The key to appreciating the merits of this score is to look past the Horner-isms. Once you do this, you’ll realize there is a lot to like here. Horner does an excellent job of putting the pieces together to craft an incredibly satisfying whole. In terms of specialty instruments, nothing radically new is employed. The usual array of ethnic flutes are used with the shakuhachi flute being no exception of course. An acoustic guitar is also added to tie the music to its Hispanic roots, although its application is particularly intrusive at 2:43 in “Ambush”. The highlights of the instrumentation lies in the vocal work. Horner really uses the London Voices with great effectiveness. Having them perform in a native fashion (not unlike the Navi sounds of Avatar) adds wonderful flavour to the work. And the colourful choral accents are intelligently employed in action cues like “Ambush”. Having said that, the real star of the score is Clara Sanabras. Horner clearly has her follow along the lines of what we heard in A Beautiful Mind. The result is nothing short of stunning. Sanabras adds the appropriate yearning quality that the religion theme calls for. Horner also crafts wonderful lines for her solo work in cues like “The Death of Padre Christopher” adding an intoxicating condiment to his usual orchestral melodrama. And to hear the paramount statement of the religion theme with the London Voices supporting Sanabras’ voice in “Jose’s Martyrdom” is an incredibly rewarding and fulfilling moment. In fact, the choral writing in general offers some especiously engaging material, as portrayed by the haunting work in “The Dead City”. It’s at these instances that one can’t help but admire Horner’s keen sense of musical direction.
On that note, the thematic applications are commendable. The ideas are thoroughly developed as the score progresses. And it’s nice to hear the melodies subtly play against each other and go through several permutations. To the score’s benefit, the album is also ripe with beautiful Horner passages as showcased in “The Death of Padre Christopher”. Resultantly, there is nary a dull moment in the score. The music goes out of its way to keep you emotionally engaged for its entirety without every getting too syrupy. A lot of credit goes out to an excellent performance by the 100-piece London orchestra of course. The spirited action cues are executed incredibly well and the performance adheres to Horner’s lyrical style in a suitable fashion. And while the action material may not be particularly revolutionary in the composer’s career, the forceful writing in “Ambush” and “A Bullet On The Floor” offer great appeal.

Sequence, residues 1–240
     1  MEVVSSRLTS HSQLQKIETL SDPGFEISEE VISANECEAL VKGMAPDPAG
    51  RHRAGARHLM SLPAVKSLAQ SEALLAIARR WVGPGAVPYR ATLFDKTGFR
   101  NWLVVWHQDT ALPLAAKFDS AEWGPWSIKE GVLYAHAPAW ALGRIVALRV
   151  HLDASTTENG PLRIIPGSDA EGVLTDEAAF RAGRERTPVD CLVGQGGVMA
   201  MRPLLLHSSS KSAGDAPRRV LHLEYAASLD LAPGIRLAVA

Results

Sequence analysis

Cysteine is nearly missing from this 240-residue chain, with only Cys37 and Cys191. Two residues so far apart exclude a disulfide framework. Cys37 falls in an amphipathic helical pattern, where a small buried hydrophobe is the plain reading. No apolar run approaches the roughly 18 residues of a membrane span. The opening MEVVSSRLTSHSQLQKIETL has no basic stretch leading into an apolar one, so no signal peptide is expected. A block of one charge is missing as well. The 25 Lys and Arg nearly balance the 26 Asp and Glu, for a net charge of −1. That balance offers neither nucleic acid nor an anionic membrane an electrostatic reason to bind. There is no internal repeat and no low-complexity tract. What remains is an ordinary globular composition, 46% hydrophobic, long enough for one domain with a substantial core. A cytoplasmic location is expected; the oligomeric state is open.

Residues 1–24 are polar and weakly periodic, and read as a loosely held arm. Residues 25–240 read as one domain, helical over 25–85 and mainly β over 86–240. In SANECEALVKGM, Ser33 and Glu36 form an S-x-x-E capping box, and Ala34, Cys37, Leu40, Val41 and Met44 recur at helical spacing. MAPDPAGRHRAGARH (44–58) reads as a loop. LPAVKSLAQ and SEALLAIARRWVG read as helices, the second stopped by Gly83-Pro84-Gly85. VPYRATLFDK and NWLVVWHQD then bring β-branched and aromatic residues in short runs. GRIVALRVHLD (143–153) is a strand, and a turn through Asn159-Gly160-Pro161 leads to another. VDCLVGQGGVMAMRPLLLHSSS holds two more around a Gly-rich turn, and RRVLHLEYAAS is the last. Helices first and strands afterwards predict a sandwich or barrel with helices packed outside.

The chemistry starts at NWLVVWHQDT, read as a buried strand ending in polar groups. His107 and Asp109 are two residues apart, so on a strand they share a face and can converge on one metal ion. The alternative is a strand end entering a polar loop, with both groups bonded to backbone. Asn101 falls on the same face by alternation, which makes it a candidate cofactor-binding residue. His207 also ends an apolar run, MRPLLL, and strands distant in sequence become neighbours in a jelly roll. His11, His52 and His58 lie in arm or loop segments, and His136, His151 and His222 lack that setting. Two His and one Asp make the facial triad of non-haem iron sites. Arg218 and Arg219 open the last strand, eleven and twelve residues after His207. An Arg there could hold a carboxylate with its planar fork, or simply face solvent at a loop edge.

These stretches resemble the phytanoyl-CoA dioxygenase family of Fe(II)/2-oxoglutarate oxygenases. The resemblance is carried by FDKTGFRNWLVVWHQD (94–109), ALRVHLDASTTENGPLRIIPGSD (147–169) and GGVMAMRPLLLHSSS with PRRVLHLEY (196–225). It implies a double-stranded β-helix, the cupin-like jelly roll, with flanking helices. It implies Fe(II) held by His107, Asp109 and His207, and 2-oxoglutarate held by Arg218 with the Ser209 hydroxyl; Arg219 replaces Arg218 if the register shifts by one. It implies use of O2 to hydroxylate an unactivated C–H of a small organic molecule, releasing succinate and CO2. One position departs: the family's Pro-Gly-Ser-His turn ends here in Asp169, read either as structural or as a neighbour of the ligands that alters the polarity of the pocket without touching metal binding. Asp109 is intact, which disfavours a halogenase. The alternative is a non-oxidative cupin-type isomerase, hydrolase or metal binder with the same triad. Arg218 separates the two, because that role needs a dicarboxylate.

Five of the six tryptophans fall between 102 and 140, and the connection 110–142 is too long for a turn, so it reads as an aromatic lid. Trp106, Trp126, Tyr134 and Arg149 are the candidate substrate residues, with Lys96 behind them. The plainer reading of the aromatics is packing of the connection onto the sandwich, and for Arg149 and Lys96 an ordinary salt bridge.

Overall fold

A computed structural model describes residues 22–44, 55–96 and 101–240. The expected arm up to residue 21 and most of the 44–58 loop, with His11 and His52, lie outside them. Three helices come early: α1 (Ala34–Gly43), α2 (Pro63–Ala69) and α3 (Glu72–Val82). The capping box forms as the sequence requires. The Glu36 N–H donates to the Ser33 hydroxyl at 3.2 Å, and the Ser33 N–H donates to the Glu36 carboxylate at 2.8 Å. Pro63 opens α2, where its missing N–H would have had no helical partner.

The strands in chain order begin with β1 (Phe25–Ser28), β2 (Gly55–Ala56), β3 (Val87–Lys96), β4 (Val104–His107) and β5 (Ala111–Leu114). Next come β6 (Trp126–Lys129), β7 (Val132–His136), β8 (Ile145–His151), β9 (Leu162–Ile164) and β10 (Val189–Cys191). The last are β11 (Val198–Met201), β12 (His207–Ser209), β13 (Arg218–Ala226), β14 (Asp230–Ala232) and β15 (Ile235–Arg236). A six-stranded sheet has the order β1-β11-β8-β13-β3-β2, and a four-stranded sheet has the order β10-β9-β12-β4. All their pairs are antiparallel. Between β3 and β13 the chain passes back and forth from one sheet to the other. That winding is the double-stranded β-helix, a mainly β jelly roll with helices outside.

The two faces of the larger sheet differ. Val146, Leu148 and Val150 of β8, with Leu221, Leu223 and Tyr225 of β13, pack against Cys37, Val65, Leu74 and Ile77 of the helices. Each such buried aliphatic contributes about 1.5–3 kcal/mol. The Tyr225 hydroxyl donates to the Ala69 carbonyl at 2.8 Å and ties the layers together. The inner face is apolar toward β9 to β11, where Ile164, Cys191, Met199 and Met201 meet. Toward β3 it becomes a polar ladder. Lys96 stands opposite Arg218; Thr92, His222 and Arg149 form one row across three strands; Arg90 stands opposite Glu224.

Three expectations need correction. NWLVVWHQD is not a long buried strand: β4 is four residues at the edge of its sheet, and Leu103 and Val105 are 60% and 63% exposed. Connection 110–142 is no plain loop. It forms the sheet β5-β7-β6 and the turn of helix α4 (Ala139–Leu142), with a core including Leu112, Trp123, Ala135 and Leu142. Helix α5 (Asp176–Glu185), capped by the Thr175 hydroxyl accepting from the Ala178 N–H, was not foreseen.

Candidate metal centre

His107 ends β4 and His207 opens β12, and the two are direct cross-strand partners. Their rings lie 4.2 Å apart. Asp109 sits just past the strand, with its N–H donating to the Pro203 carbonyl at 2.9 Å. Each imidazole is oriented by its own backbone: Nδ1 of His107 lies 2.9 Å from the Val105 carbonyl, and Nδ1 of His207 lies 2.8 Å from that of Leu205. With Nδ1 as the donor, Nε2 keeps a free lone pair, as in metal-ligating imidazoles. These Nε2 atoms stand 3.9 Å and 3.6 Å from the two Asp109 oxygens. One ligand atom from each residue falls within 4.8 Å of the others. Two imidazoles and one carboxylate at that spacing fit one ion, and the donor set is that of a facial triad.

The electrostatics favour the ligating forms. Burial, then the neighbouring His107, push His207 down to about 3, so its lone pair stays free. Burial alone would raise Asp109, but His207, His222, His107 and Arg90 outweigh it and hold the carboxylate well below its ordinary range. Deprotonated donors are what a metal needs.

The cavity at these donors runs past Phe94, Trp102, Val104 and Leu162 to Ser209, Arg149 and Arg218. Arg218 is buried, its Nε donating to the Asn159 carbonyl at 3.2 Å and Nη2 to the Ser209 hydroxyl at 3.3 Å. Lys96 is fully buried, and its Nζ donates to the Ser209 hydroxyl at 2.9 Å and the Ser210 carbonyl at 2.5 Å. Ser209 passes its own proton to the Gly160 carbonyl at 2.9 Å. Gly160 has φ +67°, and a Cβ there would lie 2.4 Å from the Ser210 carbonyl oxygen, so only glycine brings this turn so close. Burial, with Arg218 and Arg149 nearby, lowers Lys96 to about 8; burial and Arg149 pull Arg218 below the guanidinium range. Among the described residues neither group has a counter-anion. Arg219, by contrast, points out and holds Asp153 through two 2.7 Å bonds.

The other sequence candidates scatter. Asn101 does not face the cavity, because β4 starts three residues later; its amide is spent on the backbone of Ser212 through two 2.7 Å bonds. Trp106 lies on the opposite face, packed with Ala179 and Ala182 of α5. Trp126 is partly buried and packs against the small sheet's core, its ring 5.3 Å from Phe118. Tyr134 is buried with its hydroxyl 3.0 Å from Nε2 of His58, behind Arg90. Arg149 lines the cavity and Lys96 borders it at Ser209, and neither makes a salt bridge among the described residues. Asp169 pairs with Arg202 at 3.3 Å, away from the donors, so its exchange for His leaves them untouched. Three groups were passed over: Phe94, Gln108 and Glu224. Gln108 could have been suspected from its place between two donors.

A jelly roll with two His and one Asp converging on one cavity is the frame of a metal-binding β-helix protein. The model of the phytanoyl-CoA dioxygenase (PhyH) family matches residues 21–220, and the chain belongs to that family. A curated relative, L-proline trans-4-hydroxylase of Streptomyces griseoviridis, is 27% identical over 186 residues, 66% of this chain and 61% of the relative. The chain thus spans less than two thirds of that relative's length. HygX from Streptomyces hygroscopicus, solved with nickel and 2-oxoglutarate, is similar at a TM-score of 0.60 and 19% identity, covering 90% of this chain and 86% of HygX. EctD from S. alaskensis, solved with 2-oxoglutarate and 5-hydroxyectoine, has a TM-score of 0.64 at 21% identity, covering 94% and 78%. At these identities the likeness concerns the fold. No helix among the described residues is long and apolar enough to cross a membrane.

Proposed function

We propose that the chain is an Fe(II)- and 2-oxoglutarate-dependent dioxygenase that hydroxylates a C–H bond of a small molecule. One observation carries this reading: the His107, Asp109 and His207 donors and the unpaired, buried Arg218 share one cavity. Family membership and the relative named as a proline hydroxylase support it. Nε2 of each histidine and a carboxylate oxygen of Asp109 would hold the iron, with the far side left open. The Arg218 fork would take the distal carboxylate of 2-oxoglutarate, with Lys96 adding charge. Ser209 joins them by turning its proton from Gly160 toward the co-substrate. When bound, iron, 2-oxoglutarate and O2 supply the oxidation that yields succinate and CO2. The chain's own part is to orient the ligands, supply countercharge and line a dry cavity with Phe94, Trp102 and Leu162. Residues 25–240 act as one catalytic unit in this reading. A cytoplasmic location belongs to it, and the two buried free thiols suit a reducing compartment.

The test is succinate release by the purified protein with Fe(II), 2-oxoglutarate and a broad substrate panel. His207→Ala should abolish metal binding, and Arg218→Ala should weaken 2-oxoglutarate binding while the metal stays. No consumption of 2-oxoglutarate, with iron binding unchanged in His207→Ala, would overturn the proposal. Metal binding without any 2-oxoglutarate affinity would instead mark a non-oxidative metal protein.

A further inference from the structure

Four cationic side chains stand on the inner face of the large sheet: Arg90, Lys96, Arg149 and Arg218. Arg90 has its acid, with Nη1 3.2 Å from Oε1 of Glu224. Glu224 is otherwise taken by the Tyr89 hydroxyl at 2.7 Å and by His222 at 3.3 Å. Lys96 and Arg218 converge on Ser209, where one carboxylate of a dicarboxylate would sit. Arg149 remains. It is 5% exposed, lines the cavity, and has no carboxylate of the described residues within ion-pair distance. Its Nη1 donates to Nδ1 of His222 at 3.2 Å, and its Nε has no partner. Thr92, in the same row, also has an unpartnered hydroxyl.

Muse on These:
– The Death of Padre Christopher
– Jose’s Martyrdom
– Just Another Chapter of History (Closing Credits)
In the end, this may not be the most original score of the year, but it ends up being a very entertaining one and will make a fine addition to any Horner collection. Scores like this are just not written as much anymore. And in an age where many composers are adapting their styles to catch up with the times, it’s gratifying to see Horner stick to his musical roots and produce works like this. Some may never forgive him for the recycling, but the final product regardless makes great music. Horner simply knows how to put together a great score. And he proves that with For Greater Glory because for all its lack of originality, it remains to be wonderful music. It’s hard to come to the last cue and still hate it. The nature of Horner’s work often presents a rather strange phenomenon. It’s easy to dismiss Horner’s credibility as a composer due the lack of originality in themes and such. But when that’s taken out of the picture for just a second, the incredible attention to detail becomes clear. He knows how to assemble the right elements, colours and textures to befit the spirit of the film and still give the score a distinct personality. It’s what made scores like Avatar (which used up every page in Horner’s all-too-familiar bag of tricks) so enjoyable, and it’s precisely what plays to the strength of For Greater Glory. The regurgitation of past works is certainly a regrettable fault, but the score makes up for it in sheer gratification. Ultimately, the critic will find this to be nothing more than another worn out and perhaps irksome exercise in redundancy. But the enthusiast would beg to differ. And this score seems to be rather capable of making an enthusiast of even the cynical.
Rating: * * * *